Rescue and relief efforts focused on the city of Van and the town of Ercis, 100km to the north, but hundreds were also feared dead in remote villages of mud-brick houses after Sunday's 7.2 magnitude quake, Turkey's strongest in a decade.
Thousands of people made homeless by the quake were forced to spend a second night outdoors in the hilly, windswept Van region, enduring near-freezing temperatures.
The U.N. disaster agency said almost 1,000 buildings had collapsed, many of them poorly built. A Red Crescent spokesman said the agency was preparing to provide refuge for as many as 40,000 people, though it was so far impossible to tell how many would need shelter.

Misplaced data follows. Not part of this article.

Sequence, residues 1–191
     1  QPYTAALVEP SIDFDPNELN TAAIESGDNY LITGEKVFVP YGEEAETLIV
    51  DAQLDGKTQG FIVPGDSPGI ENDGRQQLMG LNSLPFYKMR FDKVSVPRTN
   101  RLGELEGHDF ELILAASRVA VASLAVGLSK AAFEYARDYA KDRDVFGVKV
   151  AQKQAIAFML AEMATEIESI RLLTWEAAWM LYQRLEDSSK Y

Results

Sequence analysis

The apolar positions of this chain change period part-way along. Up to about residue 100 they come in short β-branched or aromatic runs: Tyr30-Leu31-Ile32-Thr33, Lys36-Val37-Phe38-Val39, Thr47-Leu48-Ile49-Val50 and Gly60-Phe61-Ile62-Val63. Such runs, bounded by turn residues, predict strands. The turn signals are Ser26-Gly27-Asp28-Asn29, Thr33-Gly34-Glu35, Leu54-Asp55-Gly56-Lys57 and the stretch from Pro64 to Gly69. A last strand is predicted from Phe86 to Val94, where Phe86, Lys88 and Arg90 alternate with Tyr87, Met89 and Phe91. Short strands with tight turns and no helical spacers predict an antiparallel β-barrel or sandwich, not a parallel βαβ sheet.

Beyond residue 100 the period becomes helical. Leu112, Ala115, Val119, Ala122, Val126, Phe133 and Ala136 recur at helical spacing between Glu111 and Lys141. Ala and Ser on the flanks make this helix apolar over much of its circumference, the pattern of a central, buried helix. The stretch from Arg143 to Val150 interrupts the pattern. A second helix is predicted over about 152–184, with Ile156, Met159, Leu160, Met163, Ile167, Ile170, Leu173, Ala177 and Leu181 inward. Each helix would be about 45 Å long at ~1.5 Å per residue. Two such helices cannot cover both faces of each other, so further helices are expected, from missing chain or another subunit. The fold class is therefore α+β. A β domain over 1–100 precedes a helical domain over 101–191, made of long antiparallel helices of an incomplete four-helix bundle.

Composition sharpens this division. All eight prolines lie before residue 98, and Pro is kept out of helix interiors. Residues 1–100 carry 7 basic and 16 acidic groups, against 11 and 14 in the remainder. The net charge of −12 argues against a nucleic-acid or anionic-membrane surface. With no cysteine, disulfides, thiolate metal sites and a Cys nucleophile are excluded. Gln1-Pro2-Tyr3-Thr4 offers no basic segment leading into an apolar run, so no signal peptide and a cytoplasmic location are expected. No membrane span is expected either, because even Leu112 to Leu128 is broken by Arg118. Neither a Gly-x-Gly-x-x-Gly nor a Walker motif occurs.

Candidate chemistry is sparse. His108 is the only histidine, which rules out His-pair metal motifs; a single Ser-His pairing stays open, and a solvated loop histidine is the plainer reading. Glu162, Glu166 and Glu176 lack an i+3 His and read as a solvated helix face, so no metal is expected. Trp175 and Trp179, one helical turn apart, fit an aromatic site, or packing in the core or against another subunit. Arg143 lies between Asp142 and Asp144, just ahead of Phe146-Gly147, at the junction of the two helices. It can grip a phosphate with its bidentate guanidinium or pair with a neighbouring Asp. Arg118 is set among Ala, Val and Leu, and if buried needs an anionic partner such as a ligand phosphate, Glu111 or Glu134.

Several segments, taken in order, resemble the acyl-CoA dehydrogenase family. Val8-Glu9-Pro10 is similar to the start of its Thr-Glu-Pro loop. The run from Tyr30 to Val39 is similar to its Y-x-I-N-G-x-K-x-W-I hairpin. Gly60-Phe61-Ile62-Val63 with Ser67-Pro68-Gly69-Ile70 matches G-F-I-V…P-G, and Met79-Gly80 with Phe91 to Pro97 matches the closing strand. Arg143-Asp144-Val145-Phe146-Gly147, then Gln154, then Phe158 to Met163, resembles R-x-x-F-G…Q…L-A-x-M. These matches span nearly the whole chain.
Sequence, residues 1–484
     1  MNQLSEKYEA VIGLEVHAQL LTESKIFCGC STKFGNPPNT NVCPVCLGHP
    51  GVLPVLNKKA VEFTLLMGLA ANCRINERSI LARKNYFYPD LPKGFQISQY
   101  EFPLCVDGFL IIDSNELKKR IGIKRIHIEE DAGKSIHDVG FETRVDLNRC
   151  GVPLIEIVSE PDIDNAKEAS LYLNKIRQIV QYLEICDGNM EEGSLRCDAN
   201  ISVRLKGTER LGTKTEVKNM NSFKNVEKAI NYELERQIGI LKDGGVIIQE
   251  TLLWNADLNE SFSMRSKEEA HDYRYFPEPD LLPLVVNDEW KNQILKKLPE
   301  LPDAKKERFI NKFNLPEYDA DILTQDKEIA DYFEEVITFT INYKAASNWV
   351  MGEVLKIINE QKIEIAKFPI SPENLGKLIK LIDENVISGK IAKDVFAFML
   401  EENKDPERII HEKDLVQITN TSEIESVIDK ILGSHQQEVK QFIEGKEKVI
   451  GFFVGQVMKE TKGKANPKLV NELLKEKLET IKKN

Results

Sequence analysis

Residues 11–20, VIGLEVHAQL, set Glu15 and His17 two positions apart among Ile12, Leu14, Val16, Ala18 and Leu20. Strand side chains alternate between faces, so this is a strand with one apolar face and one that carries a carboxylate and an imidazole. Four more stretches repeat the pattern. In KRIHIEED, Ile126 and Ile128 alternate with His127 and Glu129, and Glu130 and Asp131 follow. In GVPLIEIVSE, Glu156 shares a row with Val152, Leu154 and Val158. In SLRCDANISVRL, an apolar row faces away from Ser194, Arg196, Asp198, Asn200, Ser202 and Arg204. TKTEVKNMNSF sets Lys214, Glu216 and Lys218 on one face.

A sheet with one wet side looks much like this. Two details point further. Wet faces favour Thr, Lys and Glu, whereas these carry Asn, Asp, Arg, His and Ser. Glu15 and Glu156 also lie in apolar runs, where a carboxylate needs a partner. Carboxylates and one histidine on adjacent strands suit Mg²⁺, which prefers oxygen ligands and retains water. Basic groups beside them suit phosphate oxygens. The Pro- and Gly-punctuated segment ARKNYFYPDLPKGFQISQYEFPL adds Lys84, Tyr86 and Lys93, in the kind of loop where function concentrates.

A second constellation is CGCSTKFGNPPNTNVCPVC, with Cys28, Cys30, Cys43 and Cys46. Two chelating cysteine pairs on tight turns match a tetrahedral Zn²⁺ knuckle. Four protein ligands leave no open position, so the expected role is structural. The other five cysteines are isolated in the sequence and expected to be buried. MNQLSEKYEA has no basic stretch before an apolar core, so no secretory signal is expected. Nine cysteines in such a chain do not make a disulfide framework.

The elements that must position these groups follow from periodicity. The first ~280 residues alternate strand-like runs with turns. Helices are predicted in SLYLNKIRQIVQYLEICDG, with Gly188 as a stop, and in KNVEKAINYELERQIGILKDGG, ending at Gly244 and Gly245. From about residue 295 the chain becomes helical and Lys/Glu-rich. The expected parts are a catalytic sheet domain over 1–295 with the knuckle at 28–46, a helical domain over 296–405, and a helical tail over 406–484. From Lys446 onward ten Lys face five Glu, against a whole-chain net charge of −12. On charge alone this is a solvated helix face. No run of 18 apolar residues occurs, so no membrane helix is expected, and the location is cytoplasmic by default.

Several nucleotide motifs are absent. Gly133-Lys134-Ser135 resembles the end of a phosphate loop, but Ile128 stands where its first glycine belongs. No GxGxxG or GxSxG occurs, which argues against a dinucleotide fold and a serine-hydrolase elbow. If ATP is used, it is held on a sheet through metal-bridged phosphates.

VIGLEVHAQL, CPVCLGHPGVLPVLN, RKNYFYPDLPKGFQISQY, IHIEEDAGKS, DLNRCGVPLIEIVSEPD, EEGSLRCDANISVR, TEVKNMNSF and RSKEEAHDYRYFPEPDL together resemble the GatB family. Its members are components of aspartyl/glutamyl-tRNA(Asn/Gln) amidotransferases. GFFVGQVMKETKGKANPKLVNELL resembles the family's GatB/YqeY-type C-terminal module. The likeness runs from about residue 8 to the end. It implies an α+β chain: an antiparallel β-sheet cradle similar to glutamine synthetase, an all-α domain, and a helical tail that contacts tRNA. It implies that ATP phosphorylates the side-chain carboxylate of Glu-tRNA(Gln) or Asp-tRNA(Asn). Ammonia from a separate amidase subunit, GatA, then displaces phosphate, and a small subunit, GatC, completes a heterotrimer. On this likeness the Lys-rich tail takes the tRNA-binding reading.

Some residents of Van and outlying villages complained of a lack of government assistance, despite the dispatch of troops, mobile kitchens and up to 13,000 tents.
The hardest-hit town was Ercis, a town of 100,000, where 55 buildings crumpled, including a student dormitory.
The Red Crescent has delivered 5,000 tents to Ercis alone and a tent city has been set up at Ercis stadium. But residents said tents were being given only to relatives of police and soldiers, a possible source of tension if confirmed.
Rescue efforts were hampered by power outages after the quake toppled electricity lines to towns and villages.
More than 200 aftershocks have jolted the region since the quake, lasting around 25 seconds, struck at 1041 GMT Sunday.
The Red Crescent said about 100 experts had reached the earthquake zone to co-ordinate rescue and relief operations. Sniffer dogs had joined the quest for survivors.
Major geological fault lines cross Turkey, where small tremors occur almost daily. Two large quakes in 1999 killed more than 20,000 people in the northwest.